- Written by Dr Kilala Devette-Chee, Senior Research Fellow, and Program Leader of the Universal Basic Education Research Program at the PNG National Research Institute Dr Kilala Devette-Chee, Senior Research Fellow, and Program Leader of the Universal Basic Education Research Program at the PNG National Research Institute
Papua New Guinea has undergone two lockdown periods and one State of Emergency (SoE) as a result of the escalating number of positive Covid-19 cases in the country. While the government is dealing with the impact of the Covid-19 pandemic on the country’s economy, children throughout the country are suffering the consequences of losing huge amounts of learning hours.
Total number of learning hours lost during the State of Emergency
Due to the two lockdowns and the SoE to contain the spread of Covid-19, eight weeks of effective teaching and learning in the classrooms were lost. This included six weeks of lessons lost in the first lockdown which began on the 23 March to 4 May 2020, and two weeks in the second lockdown from 28 July to 11 August 2020. In terms of hours, out of 400 learning hours (10 weeks) in a normal school term, primary and secondary school students lost a total of 320 hours (40 days x 8 hours) while elementary school children lost 240 hours (40 days x 6 hours). It is nearly a schooling term lost. So this year, some students will only learn in a number of hours equivalent to three terms. The examining groups like grades 8, 10 and 12, would have learned less than three terms because term 4 is their examination term. These lost hours will never be fully recovered but will only exacerbate the already existing gap between children from better-off families and those from less well-off households.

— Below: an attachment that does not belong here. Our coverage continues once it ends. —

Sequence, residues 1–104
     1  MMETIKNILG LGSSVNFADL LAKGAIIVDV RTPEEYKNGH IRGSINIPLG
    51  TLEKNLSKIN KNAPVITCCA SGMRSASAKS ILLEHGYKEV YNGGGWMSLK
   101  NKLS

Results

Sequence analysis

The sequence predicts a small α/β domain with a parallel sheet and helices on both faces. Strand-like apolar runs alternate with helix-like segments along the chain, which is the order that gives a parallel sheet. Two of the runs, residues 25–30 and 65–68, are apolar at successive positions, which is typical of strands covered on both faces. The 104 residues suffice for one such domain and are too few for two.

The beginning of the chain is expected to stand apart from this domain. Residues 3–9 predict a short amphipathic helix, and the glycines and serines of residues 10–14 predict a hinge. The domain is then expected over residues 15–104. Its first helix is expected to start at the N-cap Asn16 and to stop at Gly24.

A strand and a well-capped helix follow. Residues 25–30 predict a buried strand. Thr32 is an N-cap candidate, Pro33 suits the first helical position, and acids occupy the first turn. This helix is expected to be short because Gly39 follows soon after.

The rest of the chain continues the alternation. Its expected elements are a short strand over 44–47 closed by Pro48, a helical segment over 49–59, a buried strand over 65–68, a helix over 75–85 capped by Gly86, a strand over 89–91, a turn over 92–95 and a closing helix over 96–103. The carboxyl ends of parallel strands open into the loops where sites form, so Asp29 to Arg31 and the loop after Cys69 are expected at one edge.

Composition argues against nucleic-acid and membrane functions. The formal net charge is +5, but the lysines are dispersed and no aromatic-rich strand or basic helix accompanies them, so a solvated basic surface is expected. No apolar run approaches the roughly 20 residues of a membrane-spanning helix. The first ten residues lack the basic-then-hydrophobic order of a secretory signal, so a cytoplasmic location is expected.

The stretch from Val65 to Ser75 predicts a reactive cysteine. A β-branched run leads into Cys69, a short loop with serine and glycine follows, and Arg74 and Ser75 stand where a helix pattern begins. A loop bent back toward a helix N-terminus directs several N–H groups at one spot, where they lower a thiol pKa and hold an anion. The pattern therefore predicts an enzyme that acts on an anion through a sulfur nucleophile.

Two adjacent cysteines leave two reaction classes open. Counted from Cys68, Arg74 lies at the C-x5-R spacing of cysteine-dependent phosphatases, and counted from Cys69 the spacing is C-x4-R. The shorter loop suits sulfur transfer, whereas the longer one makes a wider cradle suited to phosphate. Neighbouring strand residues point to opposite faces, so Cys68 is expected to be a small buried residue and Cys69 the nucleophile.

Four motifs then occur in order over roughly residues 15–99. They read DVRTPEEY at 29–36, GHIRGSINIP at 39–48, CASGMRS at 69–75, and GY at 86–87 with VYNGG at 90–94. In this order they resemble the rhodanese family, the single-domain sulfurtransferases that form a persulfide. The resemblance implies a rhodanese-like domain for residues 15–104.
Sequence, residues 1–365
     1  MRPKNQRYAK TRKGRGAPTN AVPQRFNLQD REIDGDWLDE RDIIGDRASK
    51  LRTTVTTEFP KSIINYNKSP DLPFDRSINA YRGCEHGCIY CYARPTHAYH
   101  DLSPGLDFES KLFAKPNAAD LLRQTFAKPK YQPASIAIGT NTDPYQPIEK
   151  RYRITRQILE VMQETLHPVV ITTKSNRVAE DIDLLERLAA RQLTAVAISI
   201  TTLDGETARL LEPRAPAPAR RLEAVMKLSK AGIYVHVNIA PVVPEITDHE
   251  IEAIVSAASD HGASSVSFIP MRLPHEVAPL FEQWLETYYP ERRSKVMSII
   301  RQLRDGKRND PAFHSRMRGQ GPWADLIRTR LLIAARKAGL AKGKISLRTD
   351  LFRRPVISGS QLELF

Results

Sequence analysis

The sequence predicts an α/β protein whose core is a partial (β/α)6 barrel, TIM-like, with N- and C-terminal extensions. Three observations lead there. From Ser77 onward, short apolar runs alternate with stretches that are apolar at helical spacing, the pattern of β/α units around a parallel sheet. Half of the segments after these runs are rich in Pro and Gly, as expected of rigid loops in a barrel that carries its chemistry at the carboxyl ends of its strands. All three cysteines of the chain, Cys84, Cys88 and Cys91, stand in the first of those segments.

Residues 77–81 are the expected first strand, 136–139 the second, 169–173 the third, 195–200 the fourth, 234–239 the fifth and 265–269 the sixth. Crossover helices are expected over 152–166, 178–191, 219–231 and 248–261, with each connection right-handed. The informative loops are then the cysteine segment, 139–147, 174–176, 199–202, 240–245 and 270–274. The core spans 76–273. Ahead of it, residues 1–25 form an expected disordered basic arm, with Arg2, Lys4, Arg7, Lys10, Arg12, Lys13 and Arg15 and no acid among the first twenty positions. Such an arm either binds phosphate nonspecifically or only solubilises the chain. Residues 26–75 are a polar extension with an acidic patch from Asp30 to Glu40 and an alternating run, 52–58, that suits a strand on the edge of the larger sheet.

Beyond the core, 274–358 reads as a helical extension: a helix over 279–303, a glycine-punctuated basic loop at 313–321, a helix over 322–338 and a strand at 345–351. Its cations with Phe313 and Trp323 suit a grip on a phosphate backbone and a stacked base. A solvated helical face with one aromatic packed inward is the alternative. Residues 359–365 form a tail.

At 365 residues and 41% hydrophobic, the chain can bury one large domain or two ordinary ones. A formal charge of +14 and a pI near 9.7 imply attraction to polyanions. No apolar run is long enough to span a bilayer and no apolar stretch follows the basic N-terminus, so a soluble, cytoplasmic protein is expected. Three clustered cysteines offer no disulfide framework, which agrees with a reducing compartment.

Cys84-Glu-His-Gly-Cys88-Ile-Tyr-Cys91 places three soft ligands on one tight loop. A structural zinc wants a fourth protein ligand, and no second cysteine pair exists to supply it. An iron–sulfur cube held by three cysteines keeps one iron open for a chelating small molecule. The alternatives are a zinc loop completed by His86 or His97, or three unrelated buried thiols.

The Government must focus on keeping students engaged in school to avoid learning loss (hysteresis in education)
During the school closures, the Department of Education (DoE) embarked on distance-learning solutions such as online classrooms on smart phones, TV and radio broadcasts, which were implemented to bridge the gap between schools and learners. But the overall impact on learning remains uncertain thus the danger of ‘learning loss’- “hysteresis” which refers to long-term effect of unemployment on a workers’ ability to find a job by the time the students graduate. Research shows that the absence of traditional schooling with effective contact learning hours does not equate e-education in which students take time to adapt and switch to. International reports have already highlighted the difficulties schools faced to integrate the technologies of information and communication into the classroom. PNG, like most developing countries, is in a desperate situation to roll out an e- learning platform throughout the country.
The impact of Covid-19 on access to education and learning of marginalised, vulnerable and disadvantaged sectors
Parenting education is needed to raise more awareness on how parents can support their children to learn while on lockdown. Unfortunately, given the difficult situation of some parents, especially, the marginalised and those in remote areas (some of them do not have formal education), they could not sufficiently provide a learning environment to ensure continuity of education and learning at home. Many people with disabilities in PNG can hardly access education in normal times. The disruption of learning during the pandemic have severely impacted their access to alternative forms of education. Deaf and blind students cannot use the DoE TV and radio programs. Therefore, special or tailor-made programs need to be developed for them. Multiple burden is also placed on women and girls during this time of pandemic which severely restrict their access to alternative forms of education. The marginalised youths in PNG, who are already facing serious challenges in their education and access to employment opportunities, need substantive support from the government in order to guide them through this crisis and ensure they still have opportunities for development and employment as the country recovers from this Covid-19 pandemic.
This article was first published in the Post-Courier’s 3 September 2020 edition and on its website’s commentaries and features page.